Mortgage holder confidence cools ahead of RBA decision

Economists believe interest rates have peaked, but it's not time to bank on cuts just yet.

Economists believe interest rates have peaked, but it's not time to bank on cuts just yet. Photo: TND

Confidence levels among mortgage holders have sunk even lower ahead of the April cash rate decision.

Confidence among those paying off a mortgage fell 2.1 points to 70.5 points, putting the cohort 7.2 points below renters and those that own a home outright in ANZ and Roy Morgan’s weekly index.

Overall, consumers have regained some confidence ahead of the Reserve Bank’s lineball cash rate decision that has more economists leaning towards another hike but a pause firmly in contention.

The fastest round of policy tightening in decades has already added hundreds of dollars to mortgage repayments and another increase will ratchet up the pressure further.

Despite the modest 1.6 point uptick in overall consumer confidence to 78.2 points, ANZ and Roy Morgan’s weekly index remains stubbornly in depressed territory and has returned a below-80 point result for the fifth week in a row.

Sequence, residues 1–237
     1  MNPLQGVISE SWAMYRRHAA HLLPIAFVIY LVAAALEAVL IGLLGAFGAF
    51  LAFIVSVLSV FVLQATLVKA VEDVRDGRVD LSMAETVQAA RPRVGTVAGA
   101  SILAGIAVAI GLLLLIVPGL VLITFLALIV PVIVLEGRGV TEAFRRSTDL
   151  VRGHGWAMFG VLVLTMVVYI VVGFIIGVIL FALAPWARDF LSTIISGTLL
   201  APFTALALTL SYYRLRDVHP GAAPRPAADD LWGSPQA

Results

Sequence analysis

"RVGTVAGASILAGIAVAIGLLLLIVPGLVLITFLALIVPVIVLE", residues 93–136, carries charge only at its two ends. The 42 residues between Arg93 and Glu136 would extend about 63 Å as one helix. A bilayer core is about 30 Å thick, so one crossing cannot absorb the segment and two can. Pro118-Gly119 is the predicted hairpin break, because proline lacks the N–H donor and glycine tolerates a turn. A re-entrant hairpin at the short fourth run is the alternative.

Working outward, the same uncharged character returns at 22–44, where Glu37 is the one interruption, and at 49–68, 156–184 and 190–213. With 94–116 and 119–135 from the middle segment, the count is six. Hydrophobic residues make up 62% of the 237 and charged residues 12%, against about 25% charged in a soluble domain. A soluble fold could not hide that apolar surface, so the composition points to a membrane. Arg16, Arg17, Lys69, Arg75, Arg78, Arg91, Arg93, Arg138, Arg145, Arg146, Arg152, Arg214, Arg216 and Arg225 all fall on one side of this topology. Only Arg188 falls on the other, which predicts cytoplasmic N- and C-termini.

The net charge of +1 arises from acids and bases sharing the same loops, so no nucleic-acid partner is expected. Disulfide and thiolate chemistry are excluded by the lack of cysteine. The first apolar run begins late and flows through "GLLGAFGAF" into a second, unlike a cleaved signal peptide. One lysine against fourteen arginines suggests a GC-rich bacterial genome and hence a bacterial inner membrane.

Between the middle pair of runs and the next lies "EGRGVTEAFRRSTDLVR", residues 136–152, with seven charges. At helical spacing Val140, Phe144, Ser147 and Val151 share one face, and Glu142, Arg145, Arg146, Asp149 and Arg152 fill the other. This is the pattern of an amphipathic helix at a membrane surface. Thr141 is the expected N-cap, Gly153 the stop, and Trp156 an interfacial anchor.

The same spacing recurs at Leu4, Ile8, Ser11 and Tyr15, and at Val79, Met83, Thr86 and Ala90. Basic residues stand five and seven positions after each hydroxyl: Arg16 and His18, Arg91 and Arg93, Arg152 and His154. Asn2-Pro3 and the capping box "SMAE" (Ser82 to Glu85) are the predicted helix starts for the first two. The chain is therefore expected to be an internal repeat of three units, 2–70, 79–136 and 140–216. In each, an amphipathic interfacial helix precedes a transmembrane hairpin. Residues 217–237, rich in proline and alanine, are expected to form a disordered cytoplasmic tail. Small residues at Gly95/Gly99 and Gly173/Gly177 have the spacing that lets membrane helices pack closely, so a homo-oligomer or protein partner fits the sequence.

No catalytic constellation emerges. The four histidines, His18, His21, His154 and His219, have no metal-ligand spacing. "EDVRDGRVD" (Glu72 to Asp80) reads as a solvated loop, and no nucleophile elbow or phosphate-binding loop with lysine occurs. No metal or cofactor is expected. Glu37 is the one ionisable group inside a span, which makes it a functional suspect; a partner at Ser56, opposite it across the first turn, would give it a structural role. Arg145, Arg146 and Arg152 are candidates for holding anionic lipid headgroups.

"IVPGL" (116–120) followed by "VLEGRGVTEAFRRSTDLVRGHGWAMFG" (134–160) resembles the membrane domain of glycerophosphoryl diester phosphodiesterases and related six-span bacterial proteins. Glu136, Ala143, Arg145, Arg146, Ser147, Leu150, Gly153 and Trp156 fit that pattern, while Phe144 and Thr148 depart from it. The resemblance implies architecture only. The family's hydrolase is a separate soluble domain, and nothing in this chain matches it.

Three of the five confidence subindices increased, with ‘current economic conditions’ up 4.6 points, ‘future economic conditions’ up three points and ‘future financial conditions’ lifting 3.1 points.

Despite the improvement, ANZ senior economist Adelaide Timbrell said confidence in financial conditions, particularly current financial conditions, was now trending lower than it was during the start of the COVID outbreak.

The outlook for mortgage holders is bleak but higher interest rates are also making it harder for first time home owners to buy without falling into mortgage stress.

New Canstar analysis shows the average would-be solo home owner would need to earn $165,695 a year to buy a home without falling into mortgage stress.

The average annual before-tax income is $94,000.

The research explored how much buyers needed to earn to afford a house with a 20 per cent deposit but without contributing 30 per cent or more of their after-tax income toward repayments, which is how mortgage stress is defined.

With property prices already tracking back up despite the possibility of further rate rises, Canstar money expert Effie Zahos said home ownership would be even further out of reach for single-income earners.

“Even if there is a pause in April, it is expected the cash rate will be hiked up at least one more time during this cycle, meaning mortgage stress isn’t going away anytime soon,” she said.


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